December 22, 1852



Wednesday Dec 22d  Miss Alge[r] came again to day

to give another lesson which makes the 

18th  She stopt to dinner we had fish

chowder & I had to attend to it while she

was giving Susan her lesson and did not hear

it  The families all took tea at Olivers

I have done but very little on Susans sack

Susan scratched Emilys Pianno


Readers might wonder how Oakes Angier Ames was faring on his voyage to Cuba. We’ll learn later that by this date, he had reached Charleston, South Carolina and was to depart this day for Havana.

So much attention had been focused lately on Oakes Angier Ames that we also might wonder what the other two Ames sons were up to. Local historian William Chaffin obligingly tells us. They were helping form a local militia:

A charter for an infantry company, signed by Governor Boutwell, was secured December 3, 1852, and the company was organized on the 22d. The following officers were chosen: William E. Bump, captain; Francis Tilden, first lieutenant; Oliver Ames, 3d, second lieutenant; John Carr, third lieutenant; Rufus Willis, fourth lieutenant. This company and one then recently formed at Canton were organized as the second battalion of light infantry, second brigade, and first division, the Easton company being known as Company B.

Of this battalion Oliver Ames, 3d, was chosen adjutant. He was afterward promoted to be major, and the lieutenant-colonel; and Frank M. Ames was made quartermaster and then major. The State furnished this company with fifty guns, bayonets, and other accoutrements, besides swords for the officers.  The record book states that the State also forwarded “1 Brass Kittle drum in good order, and 1 Fife, crooked and unfit for use.”*

A militia, typically, is a group of civilian volunteers who band together, with some kind of government blessing and support, to supplement a regular military army. Such militias had formed before in Easton and elsewhere and, according to Chaffin, a “military spirit began to revive again in 1852.”* What was motivating this activity? Were the young men responding to the increased agitation between the North and the South, or were they simply feeling their oats?

Susan Ames was feeling something today, too.  By accident or design, she scratched her cousin Emily’s piano. Not good. Evelina may not have witnessed the incident, as she was busy in the kitchen making fish chowder for dinner. The chowder was partaken of by the family and by the piano teacher, who often timed her lessons around the midday meal. Perhaps a regular meal was part of her pay.


*William L. Chaffin, History of Easton, 1866,  pp. 512 – 513

November 10, 1851


George S. Boutwell, Governor of Massachusetts, 1850 – 1852

Daguerreotype by Southworth & Hawes, circa 1851


Monday Nov 10th  Election day and the whigs have got

whiped and look rather down.  It has been very

stormy.  Our new horse came home sick from town

meeting.  Oakes A, Mr Barrows & Augustus went to Taunton

this evening to carry & get the news.  Jane came home

from Mansfield to night.  Bridget is better to day

she has done the housework and I have cleaned

the shed chamber &c &c  Passed the evening at Olivers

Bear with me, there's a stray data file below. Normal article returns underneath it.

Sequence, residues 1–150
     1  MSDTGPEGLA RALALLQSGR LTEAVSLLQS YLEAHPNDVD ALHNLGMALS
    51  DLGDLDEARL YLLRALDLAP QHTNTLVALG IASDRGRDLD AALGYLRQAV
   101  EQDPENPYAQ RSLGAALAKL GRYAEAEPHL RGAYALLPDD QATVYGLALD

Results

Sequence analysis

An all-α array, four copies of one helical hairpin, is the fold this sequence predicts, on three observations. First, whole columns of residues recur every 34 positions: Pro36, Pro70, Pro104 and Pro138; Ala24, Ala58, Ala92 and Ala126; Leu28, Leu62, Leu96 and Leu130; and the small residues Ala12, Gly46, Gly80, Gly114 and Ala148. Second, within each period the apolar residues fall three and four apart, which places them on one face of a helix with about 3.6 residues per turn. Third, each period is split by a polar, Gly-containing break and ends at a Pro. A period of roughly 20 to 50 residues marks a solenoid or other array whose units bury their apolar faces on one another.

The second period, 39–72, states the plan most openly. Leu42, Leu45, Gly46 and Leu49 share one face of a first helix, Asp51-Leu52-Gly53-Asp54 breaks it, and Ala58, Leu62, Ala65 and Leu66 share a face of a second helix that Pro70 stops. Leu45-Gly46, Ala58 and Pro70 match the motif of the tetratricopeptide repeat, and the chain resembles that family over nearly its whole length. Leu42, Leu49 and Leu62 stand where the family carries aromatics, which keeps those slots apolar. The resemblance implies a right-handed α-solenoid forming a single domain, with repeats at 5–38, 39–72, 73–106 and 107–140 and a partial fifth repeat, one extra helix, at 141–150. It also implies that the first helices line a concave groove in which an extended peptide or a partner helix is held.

There were full-bore politics in Massachusetts today, with the Whigs getting “whiped,” much to the disappointment of the Ames men and others. The politics of the era were untenable as the country cantered toward civil war. The Fugitive Slave Act and the Compromise of 1850, a misguided legislative expression of an unsustainable gulf between north and south, had resulted in upheaval and disarray among the existing political parties.

According to George S. Boutwell, then governor of Massachusetts, the Whigs – a pro-business, market-oriented group – had fallen into two camps over slavery: the Conscience Whigs and the Cotton Whigs.* The Conscience Whigs generally supported, and many eventually became, Free-Soilers (those who opposed the extension of slavery into new states or territories), while the Cotton Whigs held with the pro-slavery policies of the south. By 1855, a new Republican Party had risen from the ashes of the old Whigs, bringing along a few disenchanted Democrats and advocating many of the issues that Conscience Whigs had stood for. Oakes and Oliver Ames, Jr. became Republicans.

Although less well known today than fellow Massachusetts politician Charles Sumner, George Boutwell would go on to have a distinguished career, one that often involved interaction with the Ames brothers. A crackerjack lawyer by profession, an abolitionist by passion, he spent most of his life as a statesman. Besides being governor, he was, over time, the first head of the Internal Revenue Service, a member of the U.S. House of Representatives and the U.S. Senate, and Secretary of the Treasury under President Grant.  While in Congress, he would spearhead the impeachment of Andrew Johnson.

Also while in Congress, Boutwell would be approached by Oakes Ames to buy shares in the Union Pacific but, according to several period sources, he would turn the offer down because he thought it a poor investment. He left Congress in 1869 to serve as Secretary of the Treasury, a position he held during the Credit Mobilier scandal in 1873.  Ten years later, at the dedication of the Oakes Ames Memorial Hall in North Easton, Boutwell would speak in memory of Oakes, describing him as “tolerant of hostility, forgetful of injuries, and persistent in his friendships.”**

All this was ahead for the Ames men, Boutwell, and the nation.

*George S. Boutwell, Reminiscences of Sixty Years of Public Affairs, 1900

**Oakes Ames, A Memoir, 1883